A French Culinary Love Affair While attending cooking school in Paris in her 20s, food writer Lynda Balslev fell in love with the unfussy comfort food of her neighborhood bistros. She returned to the U.S. years later with recipes that satisfy her enduring taste for the flavors of the French countryside.

A French Culinary Love Affair

Lynda Balslev for NPR
Beef Bourguignon
Lynda Balslev for NPR

As many stories set in Paris are, this is a love story. Yes, there was a man involved, but that's not what I am talking about. This is a story about my love affair with French country food.

In 1991, I moved from Boston to Paris to study cooking at Le Cordon Bleu. At the time, I was hardly predisposed to the French culture or cuisine. None of my ancestors were French. I studied Spanish in school. And my eating style was certainly not French. I did not eat red meat, avoided butter and treated cheese like the forbidden fruit. I shunned caffeine and drank little wine. So what possessed me in my 20s to sell my house, put a design career on hold and move to France? Perhaps it was the lack of meat protein in my diet that affected my reasoning skills. Or, perhaps it was the subconscious need to seize the excuse of a new culture and a gap of an ocean to allow me to just live a little.

Whatever the case, I set off with two duffel bags and many unanswered questions. (Where would I live? How would I open a bank account? Why did I study Spanish?) Upon arrival, my life slowly fell into place. A room in a tiny apartment was rented. A bank account was (with difficulty) opened. I was immersed in French, and quickly began to pick up food terms. And my life shifted.

About The Author

Lynda Balslev moved to Paris to study cooking in 1991. She returned to the U.S. 17 years later with a Danish husband, two children and previous addresses in Geneva, London and Copenhagen. During that time, she worked as a freelance food writer, caterer, cooking instructor and food editor for the Danish magazine Sphere. Currently she lives in California's Bay Area, where she writes about food and culinary travel on her blog TasteFood, teaches cooking and is relieved to be speaking English again.

Each day, I walked across the city from my apartment in the 18th arrondissement to school in the 15th arrondissement. I traversed neighborhoods and crossed boulevards and the river Seine on my way to class. For breakfast, I stopped in cafes along the way and ordered a tartine, a crusty baguette slathered with butter and preserves, and cafe au lait. I passed open-air markets, where I purchased baguettes, fresh fruit and runny cheese for my lunch. I continued on, passing restaurants and bistros, pausing to read menus posted outside their doors, window shopping for dinner just as I would for shoes.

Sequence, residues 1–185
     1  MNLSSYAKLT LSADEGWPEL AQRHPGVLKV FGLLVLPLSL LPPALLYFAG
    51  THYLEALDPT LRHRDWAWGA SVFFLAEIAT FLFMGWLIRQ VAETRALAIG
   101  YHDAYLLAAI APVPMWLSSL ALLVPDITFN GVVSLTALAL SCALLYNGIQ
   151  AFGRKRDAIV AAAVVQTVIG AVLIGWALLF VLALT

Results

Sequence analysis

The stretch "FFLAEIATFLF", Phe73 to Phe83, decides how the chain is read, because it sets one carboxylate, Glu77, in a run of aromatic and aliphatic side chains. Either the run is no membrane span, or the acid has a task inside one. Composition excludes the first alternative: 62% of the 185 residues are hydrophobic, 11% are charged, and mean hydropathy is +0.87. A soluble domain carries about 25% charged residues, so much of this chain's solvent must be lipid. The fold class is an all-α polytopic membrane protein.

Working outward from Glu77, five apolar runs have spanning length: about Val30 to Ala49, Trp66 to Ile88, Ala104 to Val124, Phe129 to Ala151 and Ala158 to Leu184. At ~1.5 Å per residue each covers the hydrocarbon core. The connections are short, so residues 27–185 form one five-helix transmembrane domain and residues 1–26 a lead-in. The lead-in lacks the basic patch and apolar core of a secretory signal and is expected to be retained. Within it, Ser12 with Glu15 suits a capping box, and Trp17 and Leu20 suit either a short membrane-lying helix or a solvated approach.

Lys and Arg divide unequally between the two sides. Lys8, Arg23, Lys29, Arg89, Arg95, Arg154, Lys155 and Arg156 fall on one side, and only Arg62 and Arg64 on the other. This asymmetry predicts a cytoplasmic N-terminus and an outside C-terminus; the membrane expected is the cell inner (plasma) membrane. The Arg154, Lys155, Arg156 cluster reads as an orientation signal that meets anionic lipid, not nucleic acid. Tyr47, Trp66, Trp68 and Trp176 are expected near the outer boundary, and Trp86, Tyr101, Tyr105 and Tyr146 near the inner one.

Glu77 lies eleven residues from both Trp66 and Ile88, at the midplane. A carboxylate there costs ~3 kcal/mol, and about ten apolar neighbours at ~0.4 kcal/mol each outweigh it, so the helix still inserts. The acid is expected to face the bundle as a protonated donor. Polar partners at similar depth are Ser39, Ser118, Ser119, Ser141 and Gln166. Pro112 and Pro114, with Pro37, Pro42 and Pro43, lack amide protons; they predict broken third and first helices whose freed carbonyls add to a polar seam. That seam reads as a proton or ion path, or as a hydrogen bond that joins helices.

At school, I learned to make sauces, stocks and reductions, how to clean fish and poultry, sharpen and use my knives. I learned the basics of pastry and how to cook an egg. I was instructed on how to cut vegetables, roast salmon, prepare coq au vin. I shared my food from class with the dishwasher, who tirelessly worked in our kitchen, cleaning our pots and pans. I was eager to return home from school without leftovers; I had other plans for dinner. My love affair had started. I had a rendezvous with a French bistro for dinner.

I discovered the neighborhood bistro early on. Accessible, convivial and unfussy, the bistros beckoned to me when I returned home from school each day, tired and hungry with no interest in more cooking. Their entrances were warmly lit and festively decorated. Sounds of conversation, laughter and the wafting aroma of delicious food coaxed me into their cozy environments. I would slip into a seat at a small table in the middle of the bustle, sitting elbow to elbow with my fellow diners. I was alone yet in good company, sharing in the enjoyment of eating.

The cuisine was consistently good — comfort food unpretentiously rooted in the French countryside. Each bistro specialized in the cuisine of a particular pays (region), usually determined by the birthplace of the chef. The common theme was a respect for terroir, the uniquely French term that gives identity and meaning to the food and wine of a particular region. It reflects the soil, climate and geography of the land. It also reflects the history, culture and traditions of the people who produce the food. The menus proudly reproduced and refined these traditional provincial dishes, showcasing seasonal ingredients from local artisans and growers. As I tucked into a steaming bowl of pot-au-feu or spread chunky rustic pate on a crusty baguette, I was transported to the countryside, reaping the benefits of generations of expertise directed to the kitchen. It warmed me and fed my palate and soul. I was in love and at home.

My love affair with French country food continues to this day. I cook in this style for family and friends, mindful of the seasons and eating as locally as possible. And that man? We were married, but that's another story.